(5pm, Wednesday 14th September 2011)
I suppose participating in the eucharist at St. Paul’s Cathedral London is inevitably an act of pilgrimage for an Ordained Anglican. In addition, I happened to go on Holy Cross Day, the lectionary directing us to remember not a saint, but a relic and holy site of pilgrimage. The cross upon which our Saviour was crucified: preserved in our memories and for our veneration by the building of the church of the Holy Sepulchre upon the site where Helena, mother of Constantine, unearthed a cross she believed to be the very cross upon which Christ died. It is anniversary of the church’s dedication in 335 that we remember on this holy day.
The service was everything a cathedral service should be – beautiful and predictable. Straight out of Common Worship with musical setting by William Byrd. If you want the vibe, click on the link below which is the gloria we heard the choir sing. Having reflected recently about buildings, I was conscious of the seating arrangement – individual chairs were laid out visually and symbolically to reflect good anglican ecclesiology – but from my position just a little way out from under the dome, it made for incredibly difficult acoustics. The choir sounded like mud and it took great concentration to understand the preacher as his voice reverberated several times around my ears. Not helpful!
The sermon sharpened my focus upon the symbol of the cross with an intelligent and sensitive consideration of the veneration of holy relics – what is that we are doing when we do that? It very much picked up on the hermeneutical questions of symbol and meaning which have pre-occupied so much of my thoughts this year. In particular, I was reminded of a chapter I recently read by Gordon Lathrop on ‘Things’ from his book, Holy Things: A Liturgical Theology.
“The primary theology of the liturgy, the liturgy itself searching ‘for words appropriate to the nature of God,’ begins with things, with people gathered around central things, and these things, by their juxapositions, speaking truly of God and suggesting a meaning for all things. We undertake an invitation into that primary theology by simply describing the things that are before us, by attending to them as phenomena in our world. These central things provide the ‘words’ that the assembly uses to speak of God” (p.90).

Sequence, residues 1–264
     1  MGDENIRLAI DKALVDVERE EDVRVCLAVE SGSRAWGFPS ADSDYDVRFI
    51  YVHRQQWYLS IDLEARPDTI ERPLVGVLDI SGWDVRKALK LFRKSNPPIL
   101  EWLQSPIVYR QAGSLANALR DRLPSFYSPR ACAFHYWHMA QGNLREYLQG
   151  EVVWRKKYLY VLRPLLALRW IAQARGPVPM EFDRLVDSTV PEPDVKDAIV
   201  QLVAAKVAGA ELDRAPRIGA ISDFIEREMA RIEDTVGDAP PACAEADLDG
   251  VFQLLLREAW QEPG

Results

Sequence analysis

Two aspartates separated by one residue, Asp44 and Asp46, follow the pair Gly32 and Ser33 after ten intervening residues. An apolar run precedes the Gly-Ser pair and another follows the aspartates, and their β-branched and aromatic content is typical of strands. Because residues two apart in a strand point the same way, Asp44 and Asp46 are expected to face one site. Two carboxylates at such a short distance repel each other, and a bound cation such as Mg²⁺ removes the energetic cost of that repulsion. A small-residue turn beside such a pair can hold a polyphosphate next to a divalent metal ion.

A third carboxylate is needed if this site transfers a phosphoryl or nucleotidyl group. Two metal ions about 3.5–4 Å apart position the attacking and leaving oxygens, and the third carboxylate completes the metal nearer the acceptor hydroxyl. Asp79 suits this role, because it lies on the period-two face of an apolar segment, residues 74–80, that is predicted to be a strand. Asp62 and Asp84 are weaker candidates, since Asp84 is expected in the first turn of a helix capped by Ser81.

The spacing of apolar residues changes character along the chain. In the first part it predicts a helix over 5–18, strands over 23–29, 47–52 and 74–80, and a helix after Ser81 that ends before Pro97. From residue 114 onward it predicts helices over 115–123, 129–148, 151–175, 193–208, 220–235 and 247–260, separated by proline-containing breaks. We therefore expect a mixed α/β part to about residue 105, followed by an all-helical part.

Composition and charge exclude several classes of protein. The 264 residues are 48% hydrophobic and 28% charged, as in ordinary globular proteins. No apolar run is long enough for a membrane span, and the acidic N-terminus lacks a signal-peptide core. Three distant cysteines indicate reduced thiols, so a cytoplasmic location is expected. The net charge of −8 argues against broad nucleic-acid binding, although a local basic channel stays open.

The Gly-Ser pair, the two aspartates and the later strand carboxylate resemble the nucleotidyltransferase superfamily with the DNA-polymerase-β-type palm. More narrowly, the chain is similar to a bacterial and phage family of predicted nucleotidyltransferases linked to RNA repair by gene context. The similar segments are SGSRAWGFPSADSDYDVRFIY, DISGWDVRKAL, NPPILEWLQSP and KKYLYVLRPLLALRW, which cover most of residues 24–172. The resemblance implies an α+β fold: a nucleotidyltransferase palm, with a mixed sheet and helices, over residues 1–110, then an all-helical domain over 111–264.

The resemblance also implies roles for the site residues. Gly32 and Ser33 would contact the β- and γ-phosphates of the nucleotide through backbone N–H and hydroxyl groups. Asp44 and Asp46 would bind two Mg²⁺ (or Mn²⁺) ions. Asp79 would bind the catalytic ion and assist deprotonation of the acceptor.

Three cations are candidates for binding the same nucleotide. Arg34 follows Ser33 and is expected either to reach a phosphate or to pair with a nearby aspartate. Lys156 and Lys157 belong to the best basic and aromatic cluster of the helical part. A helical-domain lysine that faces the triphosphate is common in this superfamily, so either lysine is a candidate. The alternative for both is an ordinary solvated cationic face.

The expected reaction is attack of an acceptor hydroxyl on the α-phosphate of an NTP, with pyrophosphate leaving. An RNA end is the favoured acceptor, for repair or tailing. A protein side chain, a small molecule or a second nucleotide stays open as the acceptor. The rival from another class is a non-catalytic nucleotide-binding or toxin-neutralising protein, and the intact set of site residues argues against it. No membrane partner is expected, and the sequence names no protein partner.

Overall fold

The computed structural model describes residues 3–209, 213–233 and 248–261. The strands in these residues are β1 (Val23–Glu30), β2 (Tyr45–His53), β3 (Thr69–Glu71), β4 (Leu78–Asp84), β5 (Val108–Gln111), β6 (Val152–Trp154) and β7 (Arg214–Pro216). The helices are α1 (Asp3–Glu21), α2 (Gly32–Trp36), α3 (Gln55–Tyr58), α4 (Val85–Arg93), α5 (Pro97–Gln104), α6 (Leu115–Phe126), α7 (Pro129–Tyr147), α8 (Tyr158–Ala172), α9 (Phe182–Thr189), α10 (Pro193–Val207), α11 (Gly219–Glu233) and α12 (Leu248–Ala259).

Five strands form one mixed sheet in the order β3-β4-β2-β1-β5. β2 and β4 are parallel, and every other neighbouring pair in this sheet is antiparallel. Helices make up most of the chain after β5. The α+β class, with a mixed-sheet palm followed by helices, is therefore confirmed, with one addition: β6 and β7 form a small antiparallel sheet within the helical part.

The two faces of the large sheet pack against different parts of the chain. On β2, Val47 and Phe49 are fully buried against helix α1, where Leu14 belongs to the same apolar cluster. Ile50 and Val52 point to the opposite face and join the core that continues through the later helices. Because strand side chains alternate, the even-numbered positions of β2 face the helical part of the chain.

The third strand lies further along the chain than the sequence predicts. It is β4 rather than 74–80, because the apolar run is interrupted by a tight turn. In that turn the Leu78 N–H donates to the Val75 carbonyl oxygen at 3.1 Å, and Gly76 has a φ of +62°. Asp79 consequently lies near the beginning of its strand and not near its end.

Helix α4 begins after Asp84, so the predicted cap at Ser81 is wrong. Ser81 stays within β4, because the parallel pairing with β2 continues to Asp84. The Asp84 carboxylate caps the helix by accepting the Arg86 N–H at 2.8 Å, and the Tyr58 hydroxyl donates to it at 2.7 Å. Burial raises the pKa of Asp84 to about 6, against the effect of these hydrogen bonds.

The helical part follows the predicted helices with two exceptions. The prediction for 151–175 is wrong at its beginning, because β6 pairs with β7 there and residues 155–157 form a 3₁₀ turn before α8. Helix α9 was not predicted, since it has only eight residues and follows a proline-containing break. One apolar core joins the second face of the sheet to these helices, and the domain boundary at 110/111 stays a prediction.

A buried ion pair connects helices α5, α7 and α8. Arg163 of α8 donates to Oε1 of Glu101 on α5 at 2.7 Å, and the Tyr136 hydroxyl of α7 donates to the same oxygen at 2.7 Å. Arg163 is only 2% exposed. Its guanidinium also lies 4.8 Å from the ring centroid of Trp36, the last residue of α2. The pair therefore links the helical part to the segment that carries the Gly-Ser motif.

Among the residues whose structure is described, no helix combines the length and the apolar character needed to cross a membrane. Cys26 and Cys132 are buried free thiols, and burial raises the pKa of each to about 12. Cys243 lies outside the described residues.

Is there anything in the liturgy which is not symbol? Do not the very words themselves act as a testimony to some greater reality rather than ‘things’ in and of themselves? With our Reformation arguments about the sacraments limited to only two, perhaps we lost sight of the overall sacramental (symbolic) nature of life with God. The bread:wine and water are not the only symbols present our worship and as with most things whose existence we deny, the symbols of God have made themselves present to us in shadow ways. Surely the cross of Christ is the most venerated symbol of contemporary Protestant Christians, yet most would balk at the idea of the holy cross as relic!
Our preacher helpfully cited the wisdom of Paul Tillich: ‘a symbol is a sign that participates in the reality to which it points.’ The symbol of the cross is rightfully at the centre of Christian worship because the event (others would say ‘story’) of the cross is central to our existence as followers of Jesus. Veneration is never about worshipping the ‘thing’ – it is about worshipping the God whom the thing reveals to us. This is true whether I worship in a field with nothing to contemplate but the sky and earth, in an sparse parish church with unadorned wooden cross, or a stunning cathedral with image upon image reminded me of the story of God.
If every thing has the capacity for directing our attention to God however, is there a priority or a hierarchy of symbols that should be honoured in Christian liturgy? I have already mentioned the two sacraments which Anglicans acknowledge as ‘special’ because they are deemed to have been instructed to us by Christ himself. The Scriptures are seen to be ‘special’ because by virtue of their association with Christ – either prior testimony to him (the old testament), or direct testimony to his life (the gospels) and it’s significance (epistles). It seems to me that these are key to anglican worship, sum up much of the theology of our particular tradition and are good things by virtue of their capacity to direct us to the person of Christ.
Recovering a sense of the symbolic nature of the worship might mean the actual things of the liturgy alter little, but that the way the liturgy is handled changes a great deal. The leader of the liturgy needs to breathe freedom into the worship, to allow the symbol space and capacity to do its own work uncontrolled by human touch. This is what writers such as Jonny Baker and Mark Pierson are attempting to do by introducing the concept of ‘curating’ worship. Good pentecostal and liturgical leaders do it intuitively when they ‘make room for the spirit’. And it is why beauty in worship is important – because beauty can make space for the magic to happen.